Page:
More information about the members of the BECD team, the database details and its planned functionalities can be found at the BECD website.

Providing project and product insight

The project-level section is designed to report both embodied and operational emissions, with the aim of building up a large dataset that can support development of more accurate carbon benchmarks for specific typologies.

Such benchmarks will be available for whole projects, such as the typical carbon associated with terraced houses, but also at the lower level of building elements, for example the carbon related to individual structural components.

These figures will be useful not only to evaluate a new project against a large pool of similar, previous projects, but also to serve as reliable estimates of the emissions associated with new developments at the early stages of planning and design.

The product-level section meanwhile will work as a comprehensive catalogue of environmental product declarations and life-cycle assessments, which will allow assessors to understand quickly what type of information is available for particular products. It will also highlight any area where good-quality data is missing.

Together, the two sections of BECD will provide the industry with much-needed transparency on data sources and their quality, and a uniform way of reporting carbon emissions and other relevant information.

'BECD will provide the industry with transparency on data sources and a uniform way of reporting carbon emissions'

Three initiatives coordinate carbon reduction

Far from working in isolation, the BECD team is collaborating with another two initiatives enabling the UK built environment to reduce carbon in line with science-based national targets: the second edition of RICS' Whole-life carbon assessment for the built environment, currently in preparation, and the UK Net Zero Carbon Buildings Standard (NZCBS).

The former is expanding the scope and improving the accuracy of what has effectively become the UK's unofficial carbon assessment methodology. The reporting format of the BECD project section is aligned with both the first and second editions of the RICS standard, to support consistent reporting practices and encourage further adoption of the document.

Meanwhile, the NZCBS is developing a technical definition and a verification pathway for what constitutes net-zero carbon performance, in line with science-based targets. With this in mind, a preliminary version of the BECD project section collected data in December 2022 that the NZCBS will use to determine typical levels of embodied carbon across different building types. In future, the body of evidence provided by this section will be used to monitor progress against the targets set out by the NZCBS.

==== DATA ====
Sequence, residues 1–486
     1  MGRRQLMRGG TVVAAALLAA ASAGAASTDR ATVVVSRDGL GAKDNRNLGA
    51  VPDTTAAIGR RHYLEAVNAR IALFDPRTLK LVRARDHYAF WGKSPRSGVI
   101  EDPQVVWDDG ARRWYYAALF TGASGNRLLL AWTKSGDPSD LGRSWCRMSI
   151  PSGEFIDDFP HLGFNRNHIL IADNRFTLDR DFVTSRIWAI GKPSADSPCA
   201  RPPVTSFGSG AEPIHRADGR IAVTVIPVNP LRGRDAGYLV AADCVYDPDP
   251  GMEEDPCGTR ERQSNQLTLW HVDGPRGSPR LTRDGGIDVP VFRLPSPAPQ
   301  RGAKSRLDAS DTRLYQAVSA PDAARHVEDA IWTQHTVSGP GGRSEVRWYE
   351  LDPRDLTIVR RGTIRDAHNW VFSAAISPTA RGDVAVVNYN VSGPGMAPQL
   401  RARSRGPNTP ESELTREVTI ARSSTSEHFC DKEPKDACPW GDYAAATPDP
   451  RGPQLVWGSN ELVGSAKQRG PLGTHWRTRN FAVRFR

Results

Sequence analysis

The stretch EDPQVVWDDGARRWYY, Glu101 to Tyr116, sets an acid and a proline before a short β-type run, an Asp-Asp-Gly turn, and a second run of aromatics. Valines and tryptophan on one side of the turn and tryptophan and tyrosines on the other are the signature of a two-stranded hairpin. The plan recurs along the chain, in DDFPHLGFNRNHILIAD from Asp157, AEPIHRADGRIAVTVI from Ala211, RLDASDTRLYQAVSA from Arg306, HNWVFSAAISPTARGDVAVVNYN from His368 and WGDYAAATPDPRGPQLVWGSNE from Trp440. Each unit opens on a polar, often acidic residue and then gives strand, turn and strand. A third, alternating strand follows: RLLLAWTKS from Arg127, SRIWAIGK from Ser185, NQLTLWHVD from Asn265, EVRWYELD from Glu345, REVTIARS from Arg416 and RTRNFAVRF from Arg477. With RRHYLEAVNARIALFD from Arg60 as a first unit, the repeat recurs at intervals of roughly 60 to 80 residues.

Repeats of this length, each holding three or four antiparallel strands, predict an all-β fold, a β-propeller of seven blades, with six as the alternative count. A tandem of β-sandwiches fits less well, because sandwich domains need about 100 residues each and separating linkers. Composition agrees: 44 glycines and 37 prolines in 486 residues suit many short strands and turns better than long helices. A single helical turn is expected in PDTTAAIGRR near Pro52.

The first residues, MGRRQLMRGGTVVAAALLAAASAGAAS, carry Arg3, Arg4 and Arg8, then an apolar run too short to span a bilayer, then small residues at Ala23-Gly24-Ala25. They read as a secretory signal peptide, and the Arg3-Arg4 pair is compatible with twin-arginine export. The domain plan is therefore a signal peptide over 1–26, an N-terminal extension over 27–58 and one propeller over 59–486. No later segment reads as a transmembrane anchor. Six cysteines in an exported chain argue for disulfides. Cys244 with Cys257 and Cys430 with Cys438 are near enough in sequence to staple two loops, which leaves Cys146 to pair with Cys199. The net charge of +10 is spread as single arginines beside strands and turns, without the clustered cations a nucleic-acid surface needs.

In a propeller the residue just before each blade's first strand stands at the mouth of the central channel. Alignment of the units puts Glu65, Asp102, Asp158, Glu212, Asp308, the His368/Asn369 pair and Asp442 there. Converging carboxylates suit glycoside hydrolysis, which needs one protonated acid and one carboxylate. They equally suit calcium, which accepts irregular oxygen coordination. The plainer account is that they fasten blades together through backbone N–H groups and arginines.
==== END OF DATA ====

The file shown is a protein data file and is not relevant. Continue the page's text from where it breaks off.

The database effectively complements the two standards: Whole-life carbon assessment for the built environment tells us how to calculate life-cycle emissions in a rigorous and comprehensive manner; the NZCBS tells us what levels of whole-life emissions are in line with science-based targets; and BECD provides the digital infrastructure to report, store and share this information.

Professions take action ahead of regulation

Each initiative is run by professional bodies and organisations, with strong support from construction and real-estate companies. In the absence of government action on embodied carbon, UK built environment professions are making progress on decarbonisation, collaborating on the necessary framework and instruments to tackle emissions across the building life cycle.

When the UK government finally comes around to regulating embodied carbon, BECD will be there to provide robust evidence, and a single place to report and store assessment results.

 

Fabrizio Varriale is a built environment analyst at RICS
Contact Fabrizio: Email

Related competencies include: Data management, Design and specification, Sustainability

RICS champions sustainability across professions

With the built environment estimated to be responsible for around 40% of global carbon emissions, RICS is championing sustainable practices across the built and natural environment. We are also empowering professionals to embed sustainability considerations into the way they work and better measure environmental impacts.